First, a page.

Who wrote Rani Mukerji’s Hichki: The curious case of missing credits
Hichki’s director Siddharth P Malhotra has issued an official statement denying all accusations made against him, while writer Nishant Kaushik argues that he needs closure.Updated: Dec 22, 2017, 17:38 IST
The trailer of Rani Mukerji’s comeback film, Hichki, got a great response following its release on December 19. But immediately afterwards, the filmmakers landed in a controversy — Melbourne-based author Nishant Kaushik accused Yash Raj Films and director Siddharth P Malhotra of not giving him due credits for script contributions.
In a long Twitter rant on December 20, Nishant made statements like “how easy it is to treat writers like trash”. The same day, Siddharth issued a statement, calling the accusations “baseless”.
Reacting to Siddharth’s statement, Nishant tells us, “I have no intention of picking a fight over this. I only wanted to make a point; I made one. He made one in response, which I disagree with but don’t intend to dispute.”
This blame game has once again put the spotlight on the question: do writers actually get taken for granted, or is it that they assume their draft would make it to the final cut, without even getting a confirmation from the filmmakers?
On being contacted, Siddharth tells us, “If Nishant had contributed to even a single scene, why would I have not given him the credit? The film was announced a year ago, so why didn’t he feel the need to get in touch with us then? Can he prove through any e-mail or text message that the script was commissioned to him and that he’d be given the credit?”
The back story is that about two-and-a-half years ago, Nishant was contacted by Siddharth through an agency and asked to submit a draft script on the basis of a very short brief, and he did so. And then, as per his tweets, he never got a response. After watching the trailer, Nishant says, he realised that the storyline had many similarities with his script.
We ask Siddharth if this agency failed to keep Nishant informed, and the director replies, “I can’t talk on their behalf. As a filmmaker, it takes a lot of hard work to come out with a film, and then such negativity is not something you want.”
And what was Nishant’s reason for not contacting the filmmakers when Hichki was announced? “Various reasons!” says the writer. “One, living far away in Melbourne has its own challenges — out of sight, out of mind, until I was reminded via the trailer. In the early months, I did follow up, but didn’t hear back from [Siddharth] or from the agency, so I presumed that maybe like several other film ideas, this was either delayed or shelved.”
While Nishant clarifies that he isn’t expecting to be credited as the writer of Hichki, he insists that “the least I expected was closure”.
He adds, “My time is at a premium. I have a day job, a family to look after and my own novels [to write], too. When I agreed to write for Siddharth, I put everything on the line. I developed characters — of the protagonist as well as of the students under him (my protagonist was male). I invested more than three months in this. The lack of responsiveness was disappointing.”
Miffed with this practice of social media ranting, filmmaker Hansal Mehta states, “It’s high time that the concerned parties sort these issues among themselves and stop washing their dirty linen on social media, because people, after reading these long posts on Twitter and Facebook, jump to judgments without knowing the complete truth.”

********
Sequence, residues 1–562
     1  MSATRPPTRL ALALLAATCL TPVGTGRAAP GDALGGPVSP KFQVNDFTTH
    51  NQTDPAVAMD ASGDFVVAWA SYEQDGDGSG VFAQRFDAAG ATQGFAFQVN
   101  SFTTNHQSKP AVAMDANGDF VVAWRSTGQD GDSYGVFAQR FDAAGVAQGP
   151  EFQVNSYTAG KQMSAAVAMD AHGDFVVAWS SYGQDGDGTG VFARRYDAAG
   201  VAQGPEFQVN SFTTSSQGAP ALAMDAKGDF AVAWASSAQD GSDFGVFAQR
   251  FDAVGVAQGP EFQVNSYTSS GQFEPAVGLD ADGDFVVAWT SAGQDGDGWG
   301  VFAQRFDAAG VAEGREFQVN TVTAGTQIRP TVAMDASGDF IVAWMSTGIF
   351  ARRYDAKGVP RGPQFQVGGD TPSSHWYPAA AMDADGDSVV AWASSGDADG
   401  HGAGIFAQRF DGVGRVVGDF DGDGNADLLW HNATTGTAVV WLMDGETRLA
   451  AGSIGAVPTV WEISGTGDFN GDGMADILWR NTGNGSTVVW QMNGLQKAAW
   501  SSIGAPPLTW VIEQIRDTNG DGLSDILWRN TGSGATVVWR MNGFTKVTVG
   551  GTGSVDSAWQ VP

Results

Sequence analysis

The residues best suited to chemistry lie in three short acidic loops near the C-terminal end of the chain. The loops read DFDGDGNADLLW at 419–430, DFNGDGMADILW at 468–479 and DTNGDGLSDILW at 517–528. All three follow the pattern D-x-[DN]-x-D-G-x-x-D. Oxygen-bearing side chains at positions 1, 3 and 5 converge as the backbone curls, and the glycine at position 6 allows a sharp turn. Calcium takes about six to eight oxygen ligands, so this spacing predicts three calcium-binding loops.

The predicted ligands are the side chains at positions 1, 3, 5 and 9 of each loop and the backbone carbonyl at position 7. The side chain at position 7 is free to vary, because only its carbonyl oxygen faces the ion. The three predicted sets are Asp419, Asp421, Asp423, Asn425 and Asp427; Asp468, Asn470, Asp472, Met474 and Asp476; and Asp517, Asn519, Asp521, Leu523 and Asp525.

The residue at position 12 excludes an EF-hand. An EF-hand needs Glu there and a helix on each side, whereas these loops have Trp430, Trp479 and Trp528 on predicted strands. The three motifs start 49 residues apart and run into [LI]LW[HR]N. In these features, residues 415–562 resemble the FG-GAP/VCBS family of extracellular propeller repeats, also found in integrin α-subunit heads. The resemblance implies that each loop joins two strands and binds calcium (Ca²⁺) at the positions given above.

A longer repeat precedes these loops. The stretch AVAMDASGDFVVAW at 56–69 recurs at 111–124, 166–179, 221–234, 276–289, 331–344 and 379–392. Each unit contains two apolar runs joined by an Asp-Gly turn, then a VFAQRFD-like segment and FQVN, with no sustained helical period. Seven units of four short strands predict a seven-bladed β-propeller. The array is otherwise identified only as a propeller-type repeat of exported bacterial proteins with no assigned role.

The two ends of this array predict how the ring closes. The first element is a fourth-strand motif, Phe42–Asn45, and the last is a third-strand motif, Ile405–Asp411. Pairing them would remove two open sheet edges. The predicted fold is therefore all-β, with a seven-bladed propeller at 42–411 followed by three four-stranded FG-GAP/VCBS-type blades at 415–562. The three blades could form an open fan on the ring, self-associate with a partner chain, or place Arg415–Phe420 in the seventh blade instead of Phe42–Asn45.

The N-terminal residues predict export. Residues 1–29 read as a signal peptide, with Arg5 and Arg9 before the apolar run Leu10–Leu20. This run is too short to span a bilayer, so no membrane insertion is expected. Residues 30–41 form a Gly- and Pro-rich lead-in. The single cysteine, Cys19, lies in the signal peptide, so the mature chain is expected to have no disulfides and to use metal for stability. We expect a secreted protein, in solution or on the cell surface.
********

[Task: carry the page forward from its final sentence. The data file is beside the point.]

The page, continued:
- Earlier this year, director Hansal Mehta’s film Simran, starring Kangana Ranaut, was in a huge credit controversy — writer Apurva Asrani expressed his fury with the poster showing Kangana as co-writer, saying that she took undeserved credit.
- In 2009, Aamir Khan’s award winning-film 3 Idiots created a hullabaloo when novelist Chetan Bhagat stated that he felt “strange” when he was not given an opening credit in the film. He got a passing mention in the end credits of the film, which was loosely based on his novel, Five Point Someone.
- This year, screenwriter Sameer Gautam accused Apurva Asrani of “insisting on a screenwriting credit” for the Rajkummar Rao-starrer Shahid (2013), which was also directed by Hansal Mehta.
Echoing the writer’s view, filmmaker-screenwriter Apurva Asrani says, “In Bollywood, people often take writers for granted and assume that the other person would understand what the response is. I’ve often given one-line pitches to filmmakers, who have not responded to me. So, all we ask for, as writers, is timely communication, whether the draft we wrote has been liked or rejected or is being used for the final script.”
On Nishant’s claims, Apurva states, “He’s alleging that his efforts haven’t been acknowledged and that he wasn’t given feedback on the material he sent. I’m not sure [if] he’s claiming plagiarism. What seems to have gone wrong is a lack of communication. Whatever work he has done in good faith, used or unused, deserves a response and proper feedback, like in Hollywood. That’s how they nurture good writing.”
Filmmaker Anurag Kashyap believes that Bollywood needs to change its outlook towards writers. “More than the credit, I feel writers should get their money right after they have given the story or the draft to the filmmakers. A writer shouldn’t be subjected to the risk [of] whether the film would be a hit or not. If the filmmakers say that the writers would be paid after the project goes on the floors, then writers have every right to demand profit-sharing, because then it becomes a bigger risk for them, too.”
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